‘Big Four’ hiring decline: Ernst & Young blames ‘overcapacity’ for 3,000 job cuts

Ernst & Young informed its workforce that it would be cutting 3,000 jobs in the United States. The London-headquartered financial services giant, one among the ‘big four’, is reportedly executing the job cuts to eliminate “overcapacity.” 

The cuts were announced less than a week after the collapse of Project Everest, a proposed plan to spin off EY’s global consulting business into a new company. Project Everest consumed more than a year of work and cost EY more than $600mn, executives told company’s staff last week.

Ernst & Young layoffs: Who will be affected?

According to Financial Times, the consulting side of the firm will be most-affected during EY’s job-cuts.

The job cuts will account for about 5 per cent of EY’s US workforce.

“After assessing the impact of current economic conditions, strong employee retention rates and overcapacity in parts of our firm, we have made the difficult business decision to separate approximately 3,000 US employees,” an EY spokesperson was quoted as saying by Financial Times.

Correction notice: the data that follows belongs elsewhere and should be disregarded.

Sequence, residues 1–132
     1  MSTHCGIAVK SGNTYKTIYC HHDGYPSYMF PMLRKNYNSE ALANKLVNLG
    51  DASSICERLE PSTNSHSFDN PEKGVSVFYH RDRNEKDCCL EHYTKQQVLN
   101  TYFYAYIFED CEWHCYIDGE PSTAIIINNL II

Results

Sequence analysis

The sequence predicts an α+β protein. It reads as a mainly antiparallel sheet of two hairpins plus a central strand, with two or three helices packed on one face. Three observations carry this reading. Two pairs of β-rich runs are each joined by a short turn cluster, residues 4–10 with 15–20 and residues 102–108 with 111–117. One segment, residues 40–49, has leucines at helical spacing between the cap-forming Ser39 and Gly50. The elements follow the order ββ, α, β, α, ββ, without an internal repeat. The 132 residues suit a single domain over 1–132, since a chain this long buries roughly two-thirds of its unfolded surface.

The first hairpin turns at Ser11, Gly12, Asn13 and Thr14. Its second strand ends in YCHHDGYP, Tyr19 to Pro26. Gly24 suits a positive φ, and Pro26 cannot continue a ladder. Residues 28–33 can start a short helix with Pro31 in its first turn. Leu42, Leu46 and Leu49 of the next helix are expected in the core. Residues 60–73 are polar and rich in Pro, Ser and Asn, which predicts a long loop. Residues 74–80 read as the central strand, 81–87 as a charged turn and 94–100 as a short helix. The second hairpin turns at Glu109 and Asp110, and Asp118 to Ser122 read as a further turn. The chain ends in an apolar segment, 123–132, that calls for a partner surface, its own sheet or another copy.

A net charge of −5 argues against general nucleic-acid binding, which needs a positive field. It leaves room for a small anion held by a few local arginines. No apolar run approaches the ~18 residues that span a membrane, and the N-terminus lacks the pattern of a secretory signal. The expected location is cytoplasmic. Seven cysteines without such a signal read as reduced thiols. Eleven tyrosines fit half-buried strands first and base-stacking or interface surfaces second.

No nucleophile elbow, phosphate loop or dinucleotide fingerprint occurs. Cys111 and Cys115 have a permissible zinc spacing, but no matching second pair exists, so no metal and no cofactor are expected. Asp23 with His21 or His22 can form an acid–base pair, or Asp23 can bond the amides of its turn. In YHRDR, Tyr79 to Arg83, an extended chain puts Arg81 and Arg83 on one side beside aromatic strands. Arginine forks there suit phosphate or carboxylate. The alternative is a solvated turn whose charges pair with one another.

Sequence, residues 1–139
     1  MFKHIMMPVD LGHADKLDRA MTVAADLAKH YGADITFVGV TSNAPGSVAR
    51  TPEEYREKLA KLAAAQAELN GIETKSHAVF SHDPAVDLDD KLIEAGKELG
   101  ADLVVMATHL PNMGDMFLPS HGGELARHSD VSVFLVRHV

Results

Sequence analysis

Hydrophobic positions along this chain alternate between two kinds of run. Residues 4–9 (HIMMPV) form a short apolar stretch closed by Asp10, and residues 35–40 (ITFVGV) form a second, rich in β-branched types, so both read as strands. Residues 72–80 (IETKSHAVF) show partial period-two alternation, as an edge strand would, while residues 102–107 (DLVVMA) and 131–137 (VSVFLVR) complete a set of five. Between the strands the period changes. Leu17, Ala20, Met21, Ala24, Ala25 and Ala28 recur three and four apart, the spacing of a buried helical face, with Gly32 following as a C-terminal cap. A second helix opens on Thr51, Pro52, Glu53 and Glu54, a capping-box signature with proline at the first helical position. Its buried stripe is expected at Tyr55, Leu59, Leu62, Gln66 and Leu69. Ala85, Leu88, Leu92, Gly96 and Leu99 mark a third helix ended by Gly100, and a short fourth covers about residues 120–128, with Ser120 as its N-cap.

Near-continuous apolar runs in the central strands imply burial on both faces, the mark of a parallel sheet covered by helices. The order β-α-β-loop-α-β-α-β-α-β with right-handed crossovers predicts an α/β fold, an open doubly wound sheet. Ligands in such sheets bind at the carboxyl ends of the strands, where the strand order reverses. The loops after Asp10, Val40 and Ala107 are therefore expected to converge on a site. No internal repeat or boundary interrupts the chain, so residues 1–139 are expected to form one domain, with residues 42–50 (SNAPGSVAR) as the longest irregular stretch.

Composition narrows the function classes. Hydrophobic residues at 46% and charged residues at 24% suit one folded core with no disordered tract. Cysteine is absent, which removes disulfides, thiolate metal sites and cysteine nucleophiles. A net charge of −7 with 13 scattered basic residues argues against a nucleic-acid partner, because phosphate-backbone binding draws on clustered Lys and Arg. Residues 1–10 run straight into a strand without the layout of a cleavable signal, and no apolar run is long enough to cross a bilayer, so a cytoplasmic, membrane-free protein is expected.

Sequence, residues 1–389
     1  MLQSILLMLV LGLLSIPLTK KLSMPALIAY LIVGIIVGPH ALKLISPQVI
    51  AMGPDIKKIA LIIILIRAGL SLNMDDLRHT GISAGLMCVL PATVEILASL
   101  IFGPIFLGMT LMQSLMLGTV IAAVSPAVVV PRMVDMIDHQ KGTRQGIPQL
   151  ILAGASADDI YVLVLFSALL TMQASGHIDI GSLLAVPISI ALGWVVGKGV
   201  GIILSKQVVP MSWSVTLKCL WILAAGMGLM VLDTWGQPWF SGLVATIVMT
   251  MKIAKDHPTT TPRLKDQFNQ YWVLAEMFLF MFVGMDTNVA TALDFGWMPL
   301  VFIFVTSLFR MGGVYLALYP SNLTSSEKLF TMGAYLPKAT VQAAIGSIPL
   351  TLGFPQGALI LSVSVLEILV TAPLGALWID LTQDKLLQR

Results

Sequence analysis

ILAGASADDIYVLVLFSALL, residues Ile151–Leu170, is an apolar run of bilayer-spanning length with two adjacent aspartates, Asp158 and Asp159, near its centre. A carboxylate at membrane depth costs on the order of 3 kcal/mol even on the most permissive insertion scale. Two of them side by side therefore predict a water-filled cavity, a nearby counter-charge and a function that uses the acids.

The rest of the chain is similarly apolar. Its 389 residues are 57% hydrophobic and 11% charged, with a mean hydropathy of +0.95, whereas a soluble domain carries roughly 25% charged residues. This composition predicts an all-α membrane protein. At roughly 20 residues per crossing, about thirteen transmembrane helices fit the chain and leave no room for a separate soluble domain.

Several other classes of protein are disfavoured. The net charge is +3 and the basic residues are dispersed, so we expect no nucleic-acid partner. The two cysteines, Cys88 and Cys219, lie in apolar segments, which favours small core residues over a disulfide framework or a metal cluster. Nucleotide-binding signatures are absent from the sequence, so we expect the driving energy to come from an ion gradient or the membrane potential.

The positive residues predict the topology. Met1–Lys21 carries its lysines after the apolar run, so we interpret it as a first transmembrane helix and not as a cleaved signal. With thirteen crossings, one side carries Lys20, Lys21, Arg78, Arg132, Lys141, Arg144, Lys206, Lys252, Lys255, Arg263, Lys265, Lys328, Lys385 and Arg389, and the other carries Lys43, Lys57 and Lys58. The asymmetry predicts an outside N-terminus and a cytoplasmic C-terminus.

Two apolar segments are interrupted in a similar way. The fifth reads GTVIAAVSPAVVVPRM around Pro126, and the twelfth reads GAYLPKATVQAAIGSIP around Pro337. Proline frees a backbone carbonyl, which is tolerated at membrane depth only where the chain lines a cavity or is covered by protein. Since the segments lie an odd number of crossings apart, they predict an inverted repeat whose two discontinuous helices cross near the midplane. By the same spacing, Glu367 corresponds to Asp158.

“These actions are part of the ongoing management of our business and not a result of the recently concluded strategic review, known as Project Everest,” the spokesperson added. 

Ernst & Young job cuts: Biggest layoff in the sector

Among its competitors such as the KMPG, Accenture and McKinsey, EY’s job cuts are deeper than others.

KPMG laid off close to 2 per cent of its US staff in February.

Accenture has announced it would cut 2.6 per cent of its global workforce over the next 18 months.

McKinsey’s restructuring will reduce about 3 per cent of its workforce. 

ALSO WATCH | German watchdog bans EY from taking on new audits for two years

Consulting businesses have slowed sharply due to rise in interest rates among other related factors.

Earlier, EY had axed holiday bonuses for its US staff, citing the slowing economy. The firms in the sector have sharply slowed hiring.

Job postings by the ‘Big Four’ (Deloitte, Ernst & Young, KPMG, and PricewaterhouseCoopers) are 50 per cent lower than a year ago, according to the latest monthly survey by William Blair, an equity research firm.

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